Mansonella ozzardi

(redirected from Mansonella tucumana)

Man·son·el·la oz·zar·'di

a filarial parasite occurring in the Yucatan, Panama, Colombia, northern Argentina, Guyana, French Guiana, and the islands of St. Vincent and Dominica, causing mansonelliasis; the microfilariae are not ensheathed, and there are no nuclei in the pointed tail; the life cycle is similar to that of Wuchereria bancrofti; humans are the only known definitive host, and the intermediate hosts are biting midges, Culicoides furens and possibly C. paraensis.

Mansonella ozzardi

[man′sənel′ə]
a parasitic worm that is indigenous to much of Latin America and the Caribbean islands. It is a relatively benign nematode that infects humans, sometimes causing hydrocele or lymphadenopathy. The larvae live in the bloodstream, and adult worms are found in the visceral mesenteries. The intermediate hosts are biting flies of the genus Culicoides.

Mansonella ozzardi

A filarial nematode which causes serosal filariasis in humans.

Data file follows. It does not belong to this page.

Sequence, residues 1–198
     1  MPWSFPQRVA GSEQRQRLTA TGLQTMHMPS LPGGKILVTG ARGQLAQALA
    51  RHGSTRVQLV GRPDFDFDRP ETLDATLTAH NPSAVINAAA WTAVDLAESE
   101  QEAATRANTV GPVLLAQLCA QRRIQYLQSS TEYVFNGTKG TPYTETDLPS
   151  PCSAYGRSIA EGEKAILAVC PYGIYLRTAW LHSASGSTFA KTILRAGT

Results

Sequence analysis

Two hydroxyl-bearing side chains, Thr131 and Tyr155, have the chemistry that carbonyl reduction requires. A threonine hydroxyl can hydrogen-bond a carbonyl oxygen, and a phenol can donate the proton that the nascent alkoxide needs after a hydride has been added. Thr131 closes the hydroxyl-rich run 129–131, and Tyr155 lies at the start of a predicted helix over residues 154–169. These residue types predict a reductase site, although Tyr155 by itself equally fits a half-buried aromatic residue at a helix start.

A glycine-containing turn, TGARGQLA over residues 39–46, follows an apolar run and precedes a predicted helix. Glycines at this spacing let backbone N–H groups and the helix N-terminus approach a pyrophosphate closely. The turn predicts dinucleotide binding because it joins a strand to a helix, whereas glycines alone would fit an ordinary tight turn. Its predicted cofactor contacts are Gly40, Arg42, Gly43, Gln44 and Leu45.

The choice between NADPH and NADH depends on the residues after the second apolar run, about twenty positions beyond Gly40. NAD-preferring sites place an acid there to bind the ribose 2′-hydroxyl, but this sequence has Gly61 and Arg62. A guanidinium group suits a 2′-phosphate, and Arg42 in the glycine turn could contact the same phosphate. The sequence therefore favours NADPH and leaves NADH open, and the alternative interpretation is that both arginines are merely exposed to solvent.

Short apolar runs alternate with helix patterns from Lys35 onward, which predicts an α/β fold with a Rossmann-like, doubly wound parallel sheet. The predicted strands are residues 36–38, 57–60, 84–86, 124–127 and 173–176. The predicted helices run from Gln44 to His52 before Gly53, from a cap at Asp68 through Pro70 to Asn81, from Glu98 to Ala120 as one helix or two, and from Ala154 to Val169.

Epidemiology
Subsaharan Africa, Central and South America, Caribbean; up to 50% of Brazilian farmers are infected by M ozzardi.

Vector
Haematophagous midges (genus Culicoides) in the Caribbean and blackflies (genus Simulium) in the Amazon basin.

Clinical findings
Generally banal, with angioedema, Calabar-like swellings, pruritus, fever, headache,  eosinophilia and abdominal pain.

Management
Uncertain; anti-filarial drugs (e.g., ivermectin, diethylcarbamazine and albendazole) are ineffective against Mansonella species.

Mansonella

a genus of nematode parasites of the superfamily Filaroidea transmitted by Culicoides and Simulium spp.

Mansonella ozzardi
a species found in the mesentery and visceral fat of humans in Central and South America; suspected sightings also in domestic animals.